• For Computers on the following IP List: Only computers whose IP address has a match on the specified IP List.

Policy to assign (if Policy not assigned by activation script): The security Policy to assign to the computer if no Policy has been specified in the activation script.

If an Event-Based Task exists which assigns Policies to computers where activation is agent-initiated, the Policy specified in the Event-Based Task will override the Policy assigned here or in the activation script.

If a computer with the same name already exists: If a computer, VMware virtual machine, AWS instance, or Azure VM with the same Agent GUID or certificate is already listed on the Computers page, you can configure the Deep Security Manager to take the following actions:

  • Reactivate cloned Agents: When a new computer (computer, VMware virtual machine, AWS instance, or Azure VM) that is running an already activated Deep Security Agent sends a heartbeat to the Deep Security Manager, the Deep Security Manager will recognize it as a clone and reactivate it as a new computer. No policies or rules that may have been in place on the original computer will be assigned to the new one. It will be just a like a newly activated computer.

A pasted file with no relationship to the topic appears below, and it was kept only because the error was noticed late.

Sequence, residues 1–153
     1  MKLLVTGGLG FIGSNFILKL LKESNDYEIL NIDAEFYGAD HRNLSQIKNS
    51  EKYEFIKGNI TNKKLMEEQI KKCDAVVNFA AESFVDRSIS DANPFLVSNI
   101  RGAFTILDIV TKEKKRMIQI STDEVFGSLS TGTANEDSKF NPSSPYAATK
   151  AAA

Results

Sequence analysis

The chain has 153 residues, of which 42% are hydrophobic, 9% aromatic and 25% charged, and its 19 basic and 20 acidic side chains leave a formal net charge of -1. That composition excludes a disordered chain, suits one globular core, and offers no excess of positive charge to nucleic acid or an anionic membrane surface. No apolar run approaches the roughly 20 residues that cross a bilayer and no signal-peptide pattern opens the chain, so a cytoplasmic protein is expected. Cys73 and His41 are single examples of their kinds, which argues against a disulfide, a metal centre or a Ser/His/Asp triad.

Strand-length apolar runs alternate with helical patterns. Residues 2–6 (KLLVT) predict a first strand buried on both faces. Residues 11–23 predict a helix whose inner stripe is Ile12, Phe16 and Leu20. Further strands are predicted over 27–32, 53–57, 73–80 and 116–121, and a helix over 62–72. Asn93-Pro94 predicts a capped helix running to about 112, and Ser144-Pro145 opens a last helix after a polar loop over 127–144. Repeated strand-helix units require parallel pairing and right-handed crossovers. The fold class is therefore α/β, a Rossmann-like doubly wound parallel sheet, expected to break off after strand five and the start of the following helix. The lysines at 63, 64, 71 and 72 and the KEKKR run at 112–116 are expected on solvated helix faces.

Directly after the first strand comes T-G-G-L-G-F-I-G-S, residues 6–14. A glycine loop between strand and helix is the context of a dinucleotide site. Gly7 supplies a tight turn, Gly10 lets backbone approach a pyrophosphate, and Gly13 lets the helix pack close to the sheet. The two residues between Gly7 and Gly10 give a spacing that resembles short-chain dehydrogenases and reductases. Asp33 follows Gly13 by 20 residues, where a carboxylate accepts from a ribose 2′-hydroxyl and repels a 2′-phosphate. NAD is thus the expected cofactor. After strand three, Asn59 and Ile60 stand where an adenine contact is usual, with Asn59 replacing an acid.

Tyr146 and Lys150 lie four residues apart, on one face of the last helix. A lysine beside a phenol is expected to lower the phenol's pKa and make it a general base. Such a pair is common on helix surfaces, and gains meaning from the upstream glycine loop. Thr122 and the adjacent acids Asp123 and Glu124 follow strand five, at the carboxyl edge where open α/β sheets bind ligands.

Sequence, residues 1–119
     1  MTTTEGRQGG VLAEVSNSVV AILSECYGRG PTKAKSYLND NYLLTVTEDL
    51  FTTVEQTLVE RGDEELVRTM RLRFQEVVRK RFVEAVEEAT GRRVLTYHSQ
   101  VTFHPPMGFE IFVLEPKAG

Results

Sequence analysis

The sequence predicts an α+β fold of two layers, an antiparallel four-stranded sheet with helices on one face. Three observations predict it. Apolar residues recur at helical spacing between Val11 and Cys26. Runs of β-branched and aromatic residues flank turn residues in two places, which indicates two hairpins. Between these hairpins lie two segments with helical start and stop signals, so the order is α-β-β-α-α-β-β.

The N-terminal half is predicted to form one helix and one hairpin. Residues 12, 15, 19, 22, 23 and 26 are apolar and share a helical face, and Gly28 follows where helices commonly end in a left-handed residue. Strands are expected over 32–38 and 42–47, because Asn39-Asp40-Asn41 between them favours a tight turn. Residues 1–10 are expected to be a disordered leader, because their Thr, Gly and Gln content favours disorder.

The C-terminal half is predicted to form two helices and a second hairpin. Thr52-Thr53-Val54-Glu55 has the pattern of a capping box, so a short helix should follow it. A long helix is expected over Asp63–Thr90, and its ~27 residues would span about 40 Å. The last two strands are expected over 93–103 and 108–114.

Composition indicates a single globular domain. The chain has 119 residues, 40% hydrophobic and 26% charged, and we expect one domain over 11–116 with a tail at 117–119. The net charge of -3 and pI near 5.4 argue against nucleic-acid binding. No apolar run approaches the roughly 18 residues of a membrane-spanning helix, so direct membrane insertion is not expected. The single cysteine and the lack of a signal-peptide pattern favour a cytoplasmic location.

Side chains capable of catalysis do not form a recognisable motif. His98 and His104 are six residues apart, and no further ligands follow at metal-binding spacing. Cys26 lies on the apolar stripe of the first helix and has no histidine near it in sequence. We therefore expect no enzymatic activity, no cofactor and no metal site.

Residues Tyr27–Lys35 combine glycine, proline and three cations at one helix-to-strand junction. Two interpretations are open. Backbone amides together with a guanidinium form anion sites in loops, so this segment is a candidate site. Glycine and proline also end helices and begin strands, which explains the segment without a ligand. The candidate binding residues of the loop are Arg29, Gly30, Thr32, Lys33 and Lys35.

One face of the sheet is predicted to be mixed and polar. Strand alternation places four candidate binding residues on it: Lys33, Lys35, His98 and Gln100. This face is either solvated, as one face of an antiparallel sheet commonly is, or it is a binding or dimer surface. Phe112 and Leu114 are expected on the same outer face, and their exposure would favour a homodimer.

• Reactivate unknown Agents: This setting allows previously activated computers (computers, VMware virtual machines, AWS instances, or Azure VMs) that have been removed from their cloud environment and deleted from the Deep Security Manager to be reactivated if they are added back to the inventory of computers. Deep Security Manager will recognize a valid certificate on the computer and allow it to be reactivated. No policies or rules that may have been in place on the original computer will be assigned to the new one. It will be just a like a newly activated computer.

Agent activation secret: When a value is specified here, the same value must be provided when Agents activate themselves in the Deep Security Manager. You can provide this Agent activation secret in the tenantPassword parameter in the Agent activation script. For example, the script for Agent-Initiated Activation on a Linux machine might look like this:

/opt/ds_agent/dsa_control -a dsm://172.31.2.247:4120/ "tenantPassword:secret"

In a multi-tenant environment, the Agent activation secret setting applies only to the primary tenant.
For more information on Agent-Initiated Activation, see Command-Line Utilities and Use a deployment script.

Data Privacy

Does not apply to Deep Security as a Service

Allow packet data capture on encrypted traffic (SSL): The Intrusion Prevention module allows you to record the packet data that triggers Intrusion Prevention Rules. This setting lets you turn on data capture when Intrusion Prevention rules are being applied to encrypted traffic.

Agentless vCloud Protection

Does not apply to Deep Security as a Service

Allow Appliance protection of vCloud VMs: Allow virtual machines in a vCloud environment to be protected by a Deep Security Virtual Appliance and let the security of those virtual machines be managed by Tenants in a Multi-Tenancy Deep Security environment.